University of Colorado, Colorado Springs
The University of Colorado Colorado Springs (UCCS) is among the fastest growing public universities in Colorado. Fall 2015 witnessed a record enrollment of 11,299 students on-campus including over 1500 graduate students. 32% of our students are Pell Grant recipients and 31% are minorities. With major military installations and an Olympic Training Center in our community, our student body includes more than 2000 military veterans, active military and family members and 25 U.S. Olympic athletes. UCCS offers 39 bachelor’s degrees, 20 masters degrees, and five doctoral degrees. Among these are unique STEM-related programs in exercise science, engineering education and a set of Bachelor of Innovation degrees. UCCS was ranked tenth among Western regional public universities and eighth nationally for public undergraduate engineering by U.S. News and World Report. We are one of the largest employers in southern Colorado with over 1500 employees. The campus generates more than $450 million in annual economic impact in our county. Our graduates contribute to the economic growth of Colorado since more than 65% of them live in Colorado.
UCCS seeks to bridge the gap between employers and educators in STEM disciplines through a wide range of programs. We work closely with the K-12 education community on outreach programs to support their students and provide professional development for their teachers. Some of these programs are supported directly by industry. The UCCS undergraduate and graduate curricula align with the interests and needs of STEM employers and our researchers work with local companies on subjects of mutual interest. Often this leads to direct support of our students, internships, and future job opportunities. We support student research through an Undergraduate Research Academy and Mountain Lion Research Day where students and faculty gather to share their research. Business leaders attend the Colorado Springs Undergraduate Research Forum that highlights the accomplishments of students from UCCS, Colorado College, and the United States Air Force Academy. The El Pomar Institute for Innovation and Commercialization serves as a catalyst for sharing resources and ideas necessary for creating and maintaining a supportive environment for entrepreneurship. We highlight additional campus programs below with a focus on those that impact the educational pipeline leading to STEM employment.
Innovative Employer-Driven Pathways
Working directly with employers in STEM disciplines enhances student preparation at both the K-12 and college levels to develop skills that are important in the workplace. One example at the K-12 level is a STEM Academy Summer Camp sponsored by Northrop Grumman Corporation. Top local high school STEM students participate in one of three STEM camp curricula (Robotics, Cyber Security, and Rockets) to develop skills such as teamwork and critical problem-solving skills. Over 80 students participated in past camps and we are now preparing for our third annual camp.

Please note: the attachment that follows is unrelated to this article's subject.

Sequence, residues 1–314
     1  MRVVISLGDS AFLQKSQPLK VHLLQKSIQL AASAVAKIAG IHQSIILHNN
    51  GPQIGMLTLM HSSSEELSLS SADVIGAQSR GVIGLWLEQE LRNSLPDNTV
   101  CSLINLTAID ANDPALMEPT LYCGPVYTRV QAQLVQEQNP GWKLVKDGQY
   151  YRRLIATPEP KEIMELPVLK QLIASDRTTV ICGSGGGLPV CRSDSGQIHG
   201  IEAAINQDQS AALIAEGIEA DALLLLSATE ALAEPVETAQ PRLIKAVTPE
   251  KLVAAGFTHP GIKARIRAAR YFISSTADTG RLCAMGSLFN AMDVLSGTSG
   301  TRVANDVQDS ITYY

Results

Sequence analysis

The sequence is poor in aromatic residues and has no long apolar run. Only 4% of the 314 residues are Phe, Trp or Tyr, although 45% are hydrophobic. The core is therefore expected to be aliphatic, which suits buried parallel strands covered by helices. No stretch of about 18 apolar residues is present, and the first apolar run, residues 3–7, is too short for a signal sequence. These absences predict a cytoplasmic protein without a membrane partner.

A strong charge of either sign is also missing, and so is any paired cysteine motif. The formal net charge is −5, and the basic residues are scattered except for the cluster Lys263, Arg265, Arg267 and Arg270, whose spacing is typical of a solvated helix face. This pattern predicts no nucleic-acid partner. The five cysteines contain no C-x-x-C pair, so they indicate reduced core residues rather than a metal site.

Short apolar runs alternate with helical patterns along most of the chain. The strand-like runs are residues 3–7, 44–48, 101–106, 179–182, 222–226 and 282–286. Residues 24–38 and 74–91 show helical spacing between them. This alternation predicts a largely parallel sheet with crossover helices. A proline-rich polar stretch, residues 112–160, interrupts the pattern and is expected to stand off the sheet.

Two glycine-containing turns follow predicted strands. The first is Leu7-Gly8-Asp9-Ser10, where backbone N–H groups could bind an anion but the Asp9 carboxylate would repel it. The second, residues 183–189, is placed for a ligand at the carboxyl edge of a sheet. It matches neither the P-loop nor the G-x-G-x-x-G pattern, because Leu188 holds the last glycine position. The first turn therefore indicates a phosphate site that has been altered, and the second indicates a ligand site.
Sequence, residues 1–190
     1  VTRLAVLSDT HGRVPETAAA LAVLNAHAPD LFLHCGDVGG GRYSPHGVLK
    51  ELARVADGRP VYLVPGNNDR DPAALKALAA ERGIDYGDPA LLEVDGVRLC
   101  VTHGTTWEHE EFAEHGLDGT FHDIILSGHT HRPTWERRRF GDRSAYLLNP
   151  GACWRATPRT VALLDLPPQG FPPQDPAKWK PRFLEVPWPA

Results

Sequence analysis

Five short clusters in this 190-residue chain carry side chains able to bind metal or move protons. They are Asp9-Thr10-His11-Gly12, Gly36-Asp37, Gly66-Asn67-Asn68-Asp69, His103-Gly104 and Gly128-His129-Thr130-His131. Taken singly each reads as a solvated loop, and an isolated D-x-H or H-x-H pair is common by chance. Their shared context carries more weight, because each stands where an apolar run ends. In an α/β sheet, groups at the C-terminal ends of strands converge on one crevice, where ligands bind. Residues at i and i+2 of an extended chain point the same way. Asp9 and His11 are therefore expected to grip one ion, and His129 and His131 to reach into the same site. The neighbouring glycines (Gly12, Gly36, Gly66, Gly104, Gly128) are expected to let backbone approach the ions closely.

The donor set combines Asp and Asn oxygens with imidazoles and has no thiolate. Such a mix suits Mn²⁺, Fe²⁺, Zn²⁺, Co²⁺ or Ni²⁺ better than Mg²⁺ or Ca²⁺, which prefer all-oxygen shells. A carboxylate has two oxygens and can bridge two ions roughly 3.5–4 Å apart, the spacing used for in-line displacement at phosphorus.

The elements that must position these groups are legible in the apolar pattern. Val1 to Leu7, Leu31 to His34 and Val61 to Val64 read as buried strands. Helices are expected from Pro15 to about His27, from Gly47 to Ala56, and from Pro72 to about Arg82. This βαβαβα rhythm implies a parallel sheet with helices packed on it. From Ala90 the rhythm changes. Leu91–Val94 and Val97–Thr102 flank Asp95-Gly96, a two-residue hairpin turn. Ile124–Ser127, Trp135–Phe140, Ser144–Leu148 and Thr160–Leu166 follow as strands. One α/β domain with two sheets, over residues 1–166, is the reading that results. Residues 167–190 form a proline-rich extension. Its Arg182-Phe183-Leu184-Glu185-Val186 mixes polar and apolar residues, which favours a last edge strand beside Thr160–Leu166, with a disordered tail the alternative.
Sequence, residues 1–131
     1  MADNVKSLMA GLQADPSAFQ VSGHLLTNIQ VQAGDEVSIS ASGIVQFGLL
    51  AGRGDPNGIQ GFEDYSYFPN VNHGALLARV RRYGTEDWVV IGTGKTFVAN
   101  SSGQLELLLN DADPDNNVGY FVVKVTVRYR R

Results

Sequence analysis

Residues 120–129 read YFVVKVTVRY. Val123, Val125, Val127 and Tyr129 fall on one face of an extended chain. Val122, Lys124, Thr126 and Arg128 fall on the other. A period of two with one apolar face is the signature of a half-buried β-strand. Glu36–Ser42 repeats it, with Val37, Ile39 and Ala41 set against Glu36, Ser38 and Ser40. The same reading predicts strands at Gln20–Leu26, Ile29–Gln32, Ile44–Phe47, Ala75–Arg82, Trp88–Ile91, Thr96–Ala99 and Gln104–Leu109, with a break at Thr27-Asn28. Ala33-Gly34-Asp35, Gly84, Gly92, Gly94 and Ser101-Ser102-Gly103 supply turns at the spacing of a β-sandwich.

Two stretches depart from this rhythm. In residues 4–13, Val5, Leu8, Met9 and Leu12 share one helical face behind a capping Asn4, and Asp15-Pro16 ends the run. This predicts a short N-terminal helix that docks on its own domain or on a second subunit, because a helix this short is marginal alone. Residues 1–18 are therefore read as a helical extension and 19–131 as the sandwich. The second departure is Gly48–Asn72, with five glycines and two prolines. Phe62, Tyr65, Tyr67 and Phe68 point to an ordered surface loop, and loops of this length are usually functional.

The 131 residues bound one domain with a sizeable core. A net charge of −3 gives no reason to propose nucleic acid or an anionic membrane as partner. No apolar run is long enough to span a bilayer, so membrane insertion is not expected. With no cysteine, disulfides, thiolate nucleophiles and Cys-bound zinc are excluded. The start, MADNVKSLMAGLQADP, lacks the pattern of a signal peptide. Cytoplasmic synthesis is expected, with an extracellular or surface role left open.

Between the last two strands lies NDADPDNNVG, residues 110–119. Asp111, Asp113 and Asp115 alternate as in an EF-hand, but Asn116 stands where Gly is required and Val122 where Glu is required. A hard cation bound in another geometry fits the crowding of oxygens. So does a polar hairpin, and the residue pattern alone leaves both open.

At the university level, UCCS (through our Mechanical and Aerospace Engineering Department) is an active participant in NASA’s Colorado Space Grant Consortium (COSGC), a statewide cooperative venture that is part of a national NASA-funded program. The 52 Space Grant Consortia nationally support undergraduate and graduate students in the areas of research, hands-on engineering and science, and Space Grant sponsored courses. COSGC consists of 20 higher education institutions and the Space Foundation. They engage nearly 1,000 students each year statewide.
Biology is our largest STEM major. Biology faculty have developed, implemented and assessed the impact of course-based research experiences in K-12, two-year and four-year institutions in Southern Colorado. Their reform efforts currently impact over 200 undergraduate students a year. Their research has shown that even short inquiry-based lab experiences during high school improve student perceptions of science. This work has expanded globally with the establishment of an international collaboration with Faculty at Kasetsart University in Thailand.
All STEM majors need a solid background in Mathematics. The UCCS Mathematics Department, recognizing the growing importance of computer based methods in engineering and education, has been modifying its curriculum to include more scientific computation. These recent changes include a sophomore level introduction to Matlab and its application to mathematical problems in science and engineering. This introduction is followed by a junior level computational methods course. In addition the Department is developing a graduate track in scientific computation with new coursework that will prepare graduate students to use computers for solving scientific and engineering problems common to research and industry.